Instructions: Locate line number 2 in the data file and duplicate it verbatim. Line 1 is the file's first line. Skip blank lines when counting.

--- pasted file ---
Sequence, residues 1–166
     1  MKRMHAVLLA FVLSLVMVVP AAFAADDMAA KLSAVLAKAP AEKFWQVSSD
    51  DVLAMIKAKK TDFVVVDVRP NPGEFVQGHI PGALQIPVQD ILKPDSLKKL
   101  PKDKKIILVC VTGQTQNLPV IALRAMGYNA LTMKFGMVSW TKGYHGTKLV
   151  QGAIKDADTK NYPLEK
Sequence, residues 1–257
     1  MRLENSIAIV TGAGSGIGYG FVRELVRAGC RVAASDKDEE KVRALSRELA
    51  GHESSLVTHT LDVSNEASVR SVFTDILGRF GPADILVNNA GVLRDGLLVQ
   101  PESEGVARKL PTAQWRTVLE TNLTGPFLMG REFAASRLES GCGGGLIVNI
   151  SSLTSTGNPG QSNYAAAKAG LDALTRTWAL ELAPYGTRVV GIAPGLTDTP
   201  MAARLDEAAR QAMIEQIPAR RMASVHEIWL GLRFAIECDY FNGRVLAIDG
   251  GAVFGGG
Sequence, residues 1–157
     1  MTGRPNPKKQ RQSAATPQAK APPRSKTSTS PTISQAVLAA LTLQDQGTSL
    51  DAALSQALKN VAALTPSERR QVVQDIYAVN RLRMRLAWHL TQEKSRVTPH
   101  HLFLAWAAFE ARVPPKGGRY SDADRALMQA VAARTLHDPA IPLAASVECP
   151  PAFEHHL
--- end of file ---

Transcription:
     1  MKRMHAVLLA FVLSLVMVVP AAFAADDMAA KLSAVLAKAP AEKFWQVSSD